Sunday, July 20, 2008

Localized Housing Bubbles: The Distribution of Inventory


My last post took a hometown look at the variation in the distribution of troubled housing. In this post, we'll zoom outward for a national view.

Based upon population data of top 100 U.S. cities, I selected three pairs of very similar-sized cities:

* Atlanta (population 519,145) and Albuquerque (population 518,271)
* Miami (population 409,719) and Omaha (population 424,482)
* Las Vegas (population 558,880) and Louisville (population 557,789)

I then went to the Realtor.com site and looked up the total number of units for sale in each city, in each of three categories:

* Single family homes
* Condominiums
* Multi-family homes

The data are charted above. Note that the total number of units for sale in Atlanta, Miami, and Las Vegas are large multiples of the number for sale in Albuquerque, Omaha, and Louisville. As we saw in the prior post, the formerly hottest real estate markets are the ones with the greatest inventories. Those, to be sure, are also the markets that have seen the largest price drops. Observe, however, that--even after these drops--they continue to sport monster inventories. It is difficult to imagine that the housing crisis is near an end in these areas.

Also note the differences of the distributions among the various units. Condominiums comprise well over half the total inventory in Miami and about a third of the inventory in Atlanta. In Albuquerque, Omaha, and Louisville, condos are a significantly smaller share of the inventory. It appears that condominium speculation is a good part of the housing bubble, but not the whole thing. Las Vegas, for instance, simply has a glut of single family homes--more than 3x the number for sale as in Louisville.

Once again, it's the lumpiness of the data--the extreme variation--that characterizes this housing crisis. It's not that the general housing market is in decline. Rather, some areas are soft and others are wildly overbuilt, to the point where it is difficult to see how they will be sold. Are more than 37,000 households likely to move into Miami--a city of a little over 400,000 people--in the foreseeable future, particularly when they'd be buying into a falling market and finding it difficult to get financing? There are many, from builders to banks, that are hoping the answer is yes. For my part, I'll cast my lot with Omaha.
.

5 comments:

Steve van Emmerik said...

Enjoy your blog! This is a very relevant one as the media tend to talk about the "housing market" as if it was some homogeneous whole when clearly even within one city/area its makes more sense to think of it as a series of loosely connected markets. I spent 5 years in the early to mid 1990's writing a thesis on about expectations formation in housing market. To simplify and generalize people generally project their own experience in their home market over the last few years into the future. This (on top of economic fundamentals like local economic growth, population changes and supply size restrictions) helps explain why some markets had huge booms and some markets didn't even though credit conditions were similar across the country.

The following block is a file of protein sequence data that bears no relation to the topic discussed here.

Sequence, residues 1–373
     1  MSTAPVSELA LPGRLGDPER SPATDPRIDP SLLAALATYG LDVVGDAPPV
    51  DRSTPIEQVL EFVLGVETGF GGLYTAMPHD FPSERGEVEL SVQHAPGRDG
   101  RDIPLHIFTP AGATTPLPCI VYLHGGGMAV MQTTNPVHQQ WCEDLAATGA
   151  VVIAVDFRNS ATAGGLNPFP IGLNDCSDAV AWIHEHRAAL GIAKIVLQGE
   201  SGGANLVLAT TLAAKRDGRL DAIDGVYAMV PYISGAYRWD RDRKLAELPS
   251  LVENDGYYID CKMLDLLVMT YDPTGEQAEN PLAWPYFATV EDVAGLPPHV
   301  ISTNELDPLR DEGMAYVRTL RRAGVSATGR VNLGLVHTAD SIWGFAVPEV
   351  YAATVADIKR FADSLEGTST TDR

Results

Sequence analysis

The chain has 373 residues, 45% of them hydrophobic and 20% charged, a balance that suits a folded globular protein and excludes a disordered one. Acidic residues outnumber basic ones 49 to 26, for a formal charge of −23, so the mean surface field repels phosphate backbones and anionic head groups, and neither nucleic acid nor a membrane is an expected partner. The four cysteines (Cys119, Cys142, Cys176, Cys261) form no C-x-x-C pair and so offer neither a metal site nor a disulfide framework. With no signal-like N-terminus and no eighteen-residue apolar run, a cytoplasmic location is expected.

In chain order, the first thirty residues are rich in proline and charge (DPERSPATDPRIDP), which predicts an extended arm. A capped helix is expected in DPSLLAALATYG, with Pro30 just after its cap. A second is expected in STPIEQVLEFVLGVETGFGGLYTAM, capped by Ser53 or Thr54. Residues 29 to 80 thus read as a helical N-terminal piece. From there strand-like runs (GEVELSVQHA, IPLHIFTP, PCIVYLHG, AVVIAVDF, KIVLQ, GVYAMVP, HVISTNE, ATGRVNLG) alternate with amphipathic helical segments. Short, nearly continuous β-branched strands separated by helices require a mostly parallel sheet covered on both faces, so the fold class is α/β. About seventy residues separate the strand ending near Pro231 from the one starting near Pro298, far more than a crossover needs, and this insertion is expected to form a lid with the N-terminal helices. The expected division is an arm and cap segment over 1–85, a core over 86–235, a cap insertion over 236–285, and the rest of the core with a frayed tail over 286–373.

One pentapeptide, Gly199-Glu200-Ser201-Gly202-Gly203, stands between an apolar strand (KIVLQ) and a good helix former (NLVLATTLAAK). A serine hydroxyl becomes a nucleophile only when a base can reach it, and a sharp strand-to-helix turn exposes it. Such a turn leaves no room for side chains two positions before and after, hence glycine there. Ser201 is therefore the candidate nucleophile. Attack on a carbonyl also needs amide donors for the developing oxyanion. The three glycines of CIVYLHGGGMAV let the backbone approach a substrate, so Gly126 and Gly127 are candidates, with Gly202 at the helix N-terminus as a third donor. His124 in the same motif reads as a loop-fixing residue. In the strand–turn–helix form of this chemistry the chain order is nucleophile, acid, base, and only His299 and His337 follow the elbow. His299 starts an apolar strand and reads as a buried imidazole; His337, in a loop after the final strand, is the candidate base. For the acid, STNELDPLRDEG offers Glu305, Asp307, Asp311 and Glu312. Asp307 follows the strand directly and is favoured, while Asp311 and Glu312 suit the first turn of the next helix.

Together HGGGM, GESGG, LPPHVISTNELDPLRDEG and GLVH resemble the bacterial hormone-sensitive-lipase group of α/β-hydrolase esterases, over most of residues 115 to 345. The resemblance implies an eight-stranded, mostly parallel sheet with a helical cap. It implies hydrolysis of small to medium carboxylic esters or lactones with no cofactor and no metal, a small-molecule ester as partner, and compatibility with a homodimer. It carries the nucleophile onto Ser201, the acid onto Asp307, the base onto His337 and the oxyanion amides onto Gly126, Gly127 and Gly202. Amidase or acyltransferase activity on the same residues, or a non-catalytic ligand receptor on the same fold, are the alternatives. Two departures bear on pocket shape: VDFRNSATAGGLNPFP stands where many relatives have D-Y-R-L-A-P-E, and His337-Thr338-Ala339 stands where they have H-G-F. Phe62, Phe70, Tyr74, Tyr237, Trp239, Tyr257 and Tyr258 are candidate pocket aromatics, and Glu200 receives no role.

The localization and stratification of housing markets does give some hope to building activity resuming in the foreseeable future in non boom markets that have reasonable economic conditions. I.e. contrary what most commentators seem to imply we don't have to wait for the huge inventories in California and Florida to be extinguished before building begins to increase in non-boom areas. We do however probably have to wait till people stop loosing their jobs.

On the other hand in terms of foreclosures and defaults and the flow of that into the solvency of the financial system some of these boom markets are probably still overvalued (based on historical standards, income to price, rental yield etc.) and combined with the overhang in inventory and negative local economic conditions (large negative wealth impacts, no real building industry etc) looks like lots more pain to come.

I'll look into the implications of this and blog further at http://reflexivityfinance.blogspot.com/

Cheers
Steve van Emmerik

Brett Steenbarger, Ph.D. said...

Thanks for your insights, Steve; I just linked your blog via Twitter--

Brett

Steve van Emmerik said...

Thanks Brett - Out blogs and interests seem to have a fair bit in common. Have just started mine and I'm new to this so if you've got any tips on what to do to improve it would be very interested in your opinion.

Cheers
Steve

Brett Steenbarger, Ph.D. said...

Hi Steve,

I like your posts on housing and will be linking very shortly via Twitter. Helping readers see the connection between these economic realities and what happens in trading markets is a great focus for a blog--

Brett

Steve van Emmerik said...

Thanks Brett - good point - showing relevance to people's lives the way to go. Will work on that.

Cheers
Steve